Learning about Biomolecular Solvation from Water in Protein Crystals.

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2018-03

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Altan, Irem
Fusco, Diana
Afonine, Pavel V
Charbonneau, Patrick

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Abstract

Water occupies typically 50% of a protein crystal and thus significantly contributes to the diffraction signal in crystallography experiments. Separating its contribution from that of the protein is, however, challenging because most water molecules are not localized and are thus difficult to assign to specific density peaks. The intricateness of the protein-water interface compounds this difficulty. This information has, therefore, not often been used to study biomolecular solvation. Here, we develop a methodology to surmount in part this difficulty. More specifically, we compare the solvent structure obtained from diffraction data for which experimental phasing is available to that obtained from constrained molecular dynamics (MD) simulations. The resulting spatial density maps show that commonly used MD water models are only partially successful at reproducing the structural features of biomolecular solvation. The radial distribution of water is captured with only slightly higher accuracy than its angular distribution, and only a fraction of the water molecules assigned with high reliability to the crystal structure is recovered. These differences are likely due to shortcomings of both the water models and the protein force fields. Despite these limitations, we manage to infer protonation states of some of the side chains utilizing MD-derived densities.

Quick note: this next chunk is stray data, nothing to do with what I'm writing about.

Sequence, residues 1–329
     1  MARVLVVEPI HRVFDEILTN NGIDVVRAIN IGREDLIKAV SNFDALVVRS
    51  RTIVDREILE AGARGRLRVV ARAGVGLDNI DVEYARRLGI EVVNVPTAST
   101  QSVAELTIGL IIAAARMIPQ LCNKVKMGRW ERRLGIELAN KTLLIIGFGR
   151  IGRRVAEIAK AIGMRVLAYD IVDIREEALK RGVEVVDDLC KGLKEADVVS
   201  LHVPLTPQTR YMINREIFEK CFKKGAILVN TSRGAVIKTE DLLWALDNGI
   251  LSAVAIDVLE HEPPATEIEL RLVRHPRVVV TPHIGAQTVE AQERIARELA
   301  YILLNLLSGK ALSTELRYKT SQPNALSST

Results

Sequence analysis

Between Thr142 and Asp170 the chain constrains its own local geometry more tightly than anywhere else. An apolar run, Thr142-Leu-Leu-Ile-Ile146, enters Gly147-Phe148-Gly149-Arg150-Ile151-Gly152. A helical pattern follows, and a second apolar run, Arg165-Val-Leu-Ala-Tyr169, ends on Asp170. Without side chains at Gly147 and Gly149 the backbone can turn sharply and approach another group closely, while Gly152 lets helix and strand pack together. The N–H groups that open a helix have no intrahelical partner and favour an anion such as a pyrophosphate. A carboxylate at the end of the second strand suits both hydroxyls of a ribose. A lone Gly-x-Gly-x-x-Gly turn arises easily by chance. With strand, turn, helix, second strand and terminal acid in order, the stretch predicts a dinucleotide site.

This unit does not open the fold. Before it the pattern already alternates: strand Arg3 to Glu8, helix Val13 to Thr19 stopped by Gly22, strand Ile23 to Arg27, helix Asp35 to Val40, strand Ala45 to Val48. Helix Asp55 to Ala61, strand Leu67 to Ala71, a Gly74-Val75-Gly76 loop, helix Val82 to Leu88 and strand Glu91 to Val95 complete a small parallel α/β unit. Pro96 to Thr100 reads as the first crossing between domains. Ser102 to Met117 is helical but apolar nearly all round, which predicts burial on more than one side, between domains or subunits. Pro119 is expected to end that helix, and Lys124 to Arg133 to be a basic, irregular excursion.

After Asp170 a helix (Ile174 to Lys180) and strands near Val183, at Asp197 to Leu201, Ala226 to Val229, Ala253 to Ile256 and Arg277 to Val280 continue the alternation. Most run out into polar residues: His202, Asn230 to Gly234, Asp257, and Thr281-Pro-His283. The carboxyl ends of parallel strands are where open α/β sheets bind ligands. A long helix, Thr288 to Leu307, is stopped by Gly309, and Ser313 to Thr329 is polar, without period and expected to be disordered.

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10.1021/acs.jpcb.7b09898

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Altan, Irem, Diana Fusco, Pavel V Afonine and Patrick Charbonneau (2018). Learning about Biomolecular Solvation from Water in Protein Crystals. The journal of physical chemistry. B, 122(9). pp. 2475–2486. 10.1021/acs.jpcb.7b09898 Retrieved from https://hdl.handle.net/10161/24993.

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Scholars@Duke

Charbonneau

Patrick Charbonneau

Professor of Chemistry

Professor Charbonneau studies soft matter. His work combines theory and simulation to understand the glass problem, protein crystallization, microphase formation, and colloidal assembly in external fields.


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